Aluminum, or aluminium, was named after alum, a mineral known and used since antiquity. In 1761, French chemist Louis-Bernard Gutyon de Morveau proposed the name "alumine" for the base chemical of alum, even though it had yet to be isolated.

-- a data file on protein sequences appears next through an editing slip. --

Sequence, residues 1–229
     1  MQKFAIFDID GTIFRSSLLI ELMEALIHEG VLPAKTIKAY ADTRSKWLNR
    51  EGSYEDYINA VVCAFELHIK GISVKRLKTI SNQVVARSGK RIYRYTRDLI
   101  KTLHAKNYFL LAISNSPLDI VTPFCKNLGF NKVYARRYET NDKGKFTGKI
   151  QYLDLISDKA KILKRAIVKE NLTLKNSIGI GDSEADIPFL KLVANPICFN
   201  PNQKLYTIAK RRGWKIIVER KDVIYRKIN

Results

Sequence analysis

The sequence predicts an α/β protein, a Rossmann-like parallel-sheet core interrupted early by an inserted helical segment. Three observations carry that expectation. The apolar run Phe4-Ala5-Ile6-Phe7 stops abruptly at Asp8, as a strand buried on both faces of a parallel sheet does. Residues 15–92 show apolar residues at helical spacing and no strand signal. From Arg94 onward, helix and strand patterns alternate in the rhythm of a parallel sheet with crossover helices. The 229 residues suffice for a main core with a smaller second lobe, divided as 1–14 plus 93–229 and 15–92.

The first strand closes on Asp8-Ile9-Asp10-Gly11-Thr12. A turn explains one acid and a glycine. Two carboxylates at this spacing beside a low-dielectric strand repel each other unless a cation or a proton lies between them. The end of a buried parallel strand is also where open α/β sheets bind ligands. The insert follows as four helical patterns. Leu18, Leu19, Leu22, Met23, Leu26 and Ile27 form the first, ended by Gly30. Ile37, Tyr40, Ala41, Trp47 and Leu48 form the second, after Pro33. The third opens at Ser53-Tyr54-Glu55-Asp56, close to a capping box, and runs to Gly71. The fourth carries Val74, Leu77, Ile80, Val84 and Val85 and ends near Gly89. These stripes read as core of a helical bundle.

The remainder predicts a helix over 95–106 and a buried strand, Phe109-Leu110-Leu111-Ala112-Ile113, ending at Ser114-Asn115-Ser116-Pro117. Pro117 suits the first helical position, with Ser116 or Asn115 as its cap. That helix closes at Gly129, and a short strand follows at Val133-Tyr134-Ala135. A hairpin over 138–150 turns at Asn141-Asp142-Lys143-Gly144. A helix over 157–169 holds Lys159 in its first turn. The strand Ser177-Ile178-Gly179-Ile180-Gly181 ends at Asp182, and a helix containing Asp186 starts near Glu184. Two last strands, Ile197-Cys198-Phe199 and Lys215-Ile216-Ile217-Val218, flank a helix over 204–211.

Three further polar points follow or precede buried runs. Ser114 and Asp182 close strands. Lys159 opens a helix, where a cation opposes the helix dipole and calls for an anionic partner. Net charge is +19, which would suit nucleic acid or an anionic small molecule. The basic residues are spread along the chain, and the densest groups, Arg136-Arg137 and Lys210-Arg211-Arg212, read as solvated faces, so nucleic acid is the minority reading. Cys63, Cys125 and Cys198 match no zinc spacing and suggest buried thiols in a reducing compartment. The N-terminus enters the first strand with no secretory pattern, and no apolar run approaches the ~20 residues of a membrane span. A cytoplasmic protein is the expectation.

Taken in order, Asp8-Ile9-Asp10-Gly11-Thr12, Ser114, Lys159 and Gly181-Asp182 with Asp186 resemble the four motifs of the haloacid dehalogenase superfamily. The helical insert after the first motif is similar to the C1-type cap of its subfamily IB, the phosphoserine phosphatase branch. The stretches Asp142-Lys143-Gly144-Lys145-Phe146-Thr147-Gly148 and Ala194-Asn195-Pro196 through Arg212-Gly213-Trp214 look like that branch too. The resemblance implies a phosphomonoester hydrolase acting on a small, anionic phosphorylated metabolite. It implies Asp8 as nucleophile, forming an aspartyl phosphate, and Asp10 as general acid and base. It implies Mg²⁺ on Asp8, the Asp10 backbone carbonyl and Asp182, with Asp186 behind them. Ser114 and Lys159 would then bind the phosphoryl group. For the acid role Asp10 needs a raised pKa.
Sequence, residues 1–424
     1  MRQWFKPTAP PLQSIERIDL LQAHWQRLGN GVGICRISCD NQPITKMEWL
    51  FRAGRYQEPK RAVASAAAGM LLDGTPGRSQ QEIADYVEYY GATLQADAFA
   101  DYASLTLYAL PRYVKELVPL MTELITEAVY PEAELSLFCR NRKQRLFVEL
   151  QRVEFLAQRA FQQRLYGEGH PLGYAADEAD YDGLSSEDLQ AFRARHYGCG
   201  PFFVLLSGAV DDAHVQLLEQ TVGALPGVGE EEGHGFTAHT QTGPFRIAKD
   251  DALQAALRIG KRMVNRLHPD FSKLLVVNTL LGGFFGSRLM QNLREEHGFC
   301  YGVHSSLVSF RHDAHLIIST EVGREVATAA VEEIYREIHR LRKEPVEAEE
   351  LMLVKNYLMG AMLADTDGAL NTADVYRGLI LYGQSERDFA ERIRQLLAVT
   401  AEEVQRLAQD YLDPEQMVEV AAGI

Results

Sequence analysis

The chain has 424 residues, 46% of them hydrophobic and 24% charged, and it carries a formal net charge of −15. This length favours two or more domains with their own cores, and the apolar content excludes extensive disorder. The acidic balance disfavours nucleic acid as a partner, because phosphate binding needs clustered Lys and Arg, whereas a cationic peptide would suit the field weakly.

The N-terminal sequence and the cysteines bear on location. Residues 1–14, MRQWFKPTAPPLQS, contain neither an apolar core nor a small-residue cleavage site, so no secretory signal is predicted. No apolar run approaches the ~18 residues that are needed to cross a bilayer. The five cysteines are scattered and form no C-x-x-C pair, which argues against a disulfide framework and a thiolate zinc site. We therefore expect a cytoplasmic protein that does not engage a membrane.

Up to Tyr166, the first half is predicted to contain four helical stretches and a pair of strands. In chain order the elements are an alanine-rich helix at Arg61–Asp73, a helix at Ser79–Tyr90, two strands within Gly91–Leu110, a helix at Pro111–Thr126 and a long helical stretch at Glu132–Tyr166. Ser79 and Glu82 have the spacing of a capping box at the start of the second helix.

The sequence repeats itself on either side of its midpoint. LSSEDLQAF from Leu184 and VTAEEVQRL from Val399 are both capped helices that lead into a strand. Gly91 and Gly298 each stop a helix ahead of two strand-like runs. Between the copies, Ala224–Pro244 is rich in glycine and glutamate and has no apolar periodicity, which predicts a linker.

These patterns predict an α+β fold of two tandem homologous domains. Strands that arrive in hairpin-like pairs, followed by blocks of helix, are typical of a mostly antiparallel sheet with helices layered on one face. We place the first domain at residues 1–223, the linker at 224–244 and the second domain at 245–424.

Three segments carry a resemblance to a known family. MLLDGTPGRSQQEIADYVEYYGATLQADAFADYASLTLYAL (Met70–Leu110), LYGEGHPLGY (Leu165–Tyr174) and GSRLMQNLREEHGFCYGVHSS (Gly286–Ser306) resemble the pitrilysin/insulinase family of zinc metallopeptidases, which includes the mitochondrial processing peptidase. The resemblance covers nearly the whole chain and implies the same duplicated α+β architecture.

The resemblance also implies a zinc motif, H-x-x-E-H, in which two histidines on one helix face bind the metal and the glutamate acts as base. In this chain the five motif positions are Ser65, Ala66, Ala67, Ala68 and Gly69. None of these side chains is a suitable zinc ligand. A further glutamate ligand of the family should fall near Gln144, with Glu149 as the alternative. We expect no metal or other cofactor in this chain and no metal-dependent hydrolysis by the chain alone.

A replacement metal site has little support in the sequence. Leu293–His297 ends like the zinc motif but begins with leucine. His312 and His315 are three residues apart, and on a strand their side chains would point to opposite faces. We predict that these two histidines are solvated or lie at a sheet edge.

Americans spell the word "aluminum," but the standard spelling internationally is "aluminium." This was the name formally given to the element in the early 1800s by the International Union of Pure and Applied Chemistry. Alum is the generic name of a group of minerals containing aluminum sulfate and other compounds. It has been used throughout history for the purification of drinking water, for preserving foods and as an astringent.